Darkness under the sea
It's been over a decade since Limbo popularized a certain video game style. A moody, black and white world with a surreal atmosphere that lacks music, and has a variety of puzzles to solve. Many imitators have since followed, with varying degrees of success. The latest entry in this vein, SILT is a debut title from developers Spiral Circus that manages to at least capture the intended atmosphere of such an experience.
If you've had a chance to check out any trailer or images for SILT, you likely already know what sort of game it is. Indeed, it has a black and white aesthetic, a very moody atmosphere, and lacks a soundtrack. There's no real narrative, either – you get a cryptic poem about a quest to find a great machine and the Goliaths that roam beneath the waves. Like many before it, it tries to imitate the experience of Limbo, the first game that made it big with this kind of visual design. To SILT's credit, it succeeds in properly recreating a gloomy and haunting atmosphere. The haunting underwater environments, switching between foreground and background, and the dangerous inhabitants that you encounter in these depths, are all effective. Players will traverse caves, innards of giant beasts, sunken libraries, and so on. There is no music, with just the equally stirring sound effects from the world and its creatures to keep you company. If you enjoy these games primarily for the black and white style, and atmosphere, SILT is a worthwhile example of the mini genre.
The entire game takes place underwater, which allows for a different style of movement and puzzles since there is no gravity to deal with. The controls are simple, as players assume the role of a diver armed with nothing except their flippers and a head lamp. Movement in the four directions along the 2D levels is okay, but being underwater introduces the typical occasional annoyances with imprecision. You can't turn or stop on a dime, and while that's rarely needed anyway, it's still not overly satisfying to always deal with floaty controls (pun intended). The levels are linear, sometimes you may need to outswim danger by using the boost button, but often you must solve a puzzle before you may progress. Given that the diver is pretty much helpless, the main way to interact with puzzles and the underwater world is by possession of fish.
Players are able to use the possession ability to create a beam of light and navigate it towards the fish or object that you wish to control. This leaves the diver in place until you choose to stop the possession, and transfers control to the next entity. The possession beam can be rather unwieldy to guide around to the intended target, which proves extra frustrating when good timing is needed. Puzzles start off simply – you possess a Piranha-like fish and make it cut through cables blocking your way. Possess a bigger Hammerhead-like fish, and break through an obstacle. Things get more interesting, as later on you can take control of machinery, and creatures that can teleport a short distance. Another interesting aspect is that if you possess a small fish and it gets eaten by a larger predator, your control transfers to it.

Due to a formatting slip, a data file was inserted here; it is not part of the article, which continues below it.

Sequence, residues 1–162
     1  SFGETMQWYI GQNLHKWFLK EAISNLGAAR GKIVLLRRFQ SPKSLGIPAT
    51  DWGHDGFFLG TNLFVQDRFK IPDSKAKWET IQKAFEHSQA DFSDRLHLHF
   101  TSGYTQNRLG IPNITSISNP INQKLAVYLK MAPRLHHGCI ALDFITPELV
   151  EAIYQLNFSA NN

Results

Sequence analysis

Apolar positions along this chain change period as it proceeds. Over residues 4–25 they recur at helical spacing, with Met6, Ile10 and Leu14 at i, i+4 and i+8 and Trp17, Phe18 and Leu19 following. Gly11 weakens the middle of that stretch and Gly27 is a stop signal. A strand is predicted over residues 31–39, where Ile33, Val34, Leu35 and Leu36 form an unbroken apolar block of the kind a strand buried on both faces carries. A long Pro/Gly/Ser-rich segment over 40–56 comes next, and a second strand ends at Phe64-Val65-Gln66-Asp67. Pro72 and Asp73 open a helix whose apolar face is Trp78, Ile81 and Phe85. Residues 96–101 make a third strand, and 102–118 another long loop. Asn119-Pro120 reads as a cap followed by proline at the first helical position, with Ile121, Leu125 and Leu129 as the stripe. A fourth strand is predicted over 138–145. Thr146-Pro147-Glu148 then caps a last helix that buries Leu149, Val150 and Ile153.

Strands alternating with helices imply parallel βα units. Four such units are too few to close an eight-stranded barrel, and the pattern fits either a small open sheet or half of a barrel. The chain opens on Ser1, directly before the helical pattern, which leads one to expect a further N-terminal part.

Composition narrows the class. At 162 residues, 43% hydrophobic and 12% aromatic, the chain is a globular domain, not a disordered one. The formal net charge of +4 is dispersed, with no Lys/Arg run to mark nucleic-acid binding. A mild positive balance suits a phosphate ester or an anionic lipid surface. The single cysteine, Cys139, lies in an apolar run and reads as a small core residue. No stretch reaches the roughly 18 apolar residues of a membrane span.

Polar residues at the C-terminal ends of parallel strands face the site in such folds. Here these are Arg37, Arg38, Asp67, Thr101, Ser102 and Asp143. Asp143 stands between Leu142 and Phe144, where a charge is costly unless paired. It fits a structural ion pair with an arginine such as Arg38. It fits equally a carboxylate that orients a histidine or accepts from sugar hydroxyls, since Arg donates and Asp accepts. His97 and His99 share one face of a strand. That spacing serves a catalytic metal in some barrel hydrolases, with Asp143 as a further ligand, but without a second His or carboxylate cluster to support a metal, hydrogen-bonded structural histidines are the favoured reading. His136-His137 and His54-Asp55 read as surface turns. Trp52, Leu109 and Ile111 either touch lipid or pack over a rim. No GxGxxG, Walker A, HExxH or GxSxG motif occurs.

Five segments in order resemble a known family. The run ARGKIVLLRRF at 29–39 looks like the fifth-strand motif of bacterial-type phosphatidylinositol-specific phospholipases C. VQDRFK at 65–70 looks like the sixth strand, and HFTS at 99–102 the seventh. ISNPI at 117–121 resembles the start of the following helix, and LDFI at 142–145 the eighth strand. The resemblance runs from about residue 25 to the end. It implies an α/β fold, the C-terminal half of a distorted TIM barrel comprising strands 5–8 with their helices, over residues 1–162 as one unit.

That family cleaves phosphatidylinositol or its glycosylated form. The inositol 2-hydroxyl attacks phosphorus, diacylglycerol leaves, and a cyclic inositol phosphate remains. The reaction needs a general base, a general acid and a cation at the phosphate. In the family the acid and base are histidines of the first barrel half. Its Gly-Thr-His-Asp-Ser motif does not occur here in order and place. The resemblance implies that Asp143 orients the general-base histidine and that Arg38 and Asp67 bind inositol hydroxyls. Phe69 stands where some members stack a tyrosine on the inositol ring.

While this design has the potential to lead to some clever puzzles, most found in SILT are either very simple, or require a bit too much trial and error. The repetition is a bit frustrating because it can sometimes lead to your demise, and setting up an intricate puzzle can be undone with a single fatal mistake – as any larger fish will attack the diver and kill with a single hit. The combination of sometimes poor puzzles and imprecise controls really come to a head during the boss encounters at the end of each chapter, where you have to think quickly and also act quickly. In such cases, the frustration can become quite notable.
Depending on how well you do in these battles and how quickly you figure out the puzzles, SILT can last between one to two hours, which is fine value for its $15 asking price. The PC version doesn't support the mouse at all, and while it is playable with a keyboard, a gamepad is recommended for the movement. The game handles levels as a series of individual screens, with a loading pause in between, which is not as immersive as other games that can handle a continuous gameplay world. Also for a game that's entirely black and white, the only thing you can adjust is Post Exposure. It would have been good to have proper brightness and contrast settings.
Given its short length but appropriate asking price, SILT should appeal to fans of Limbo-like games. It has the surreal and haunting atmosphere, and the black and white aesthetic is well executed. Staging the game underwater provides a unique backdrop, though it also becomes a hindrance in gameplay. The controls never feel satisfying or responsive, and the puzzle design is uneven in its difficulty and complexity. Still, fans looking for a game in this particular style should be moderately satisfied.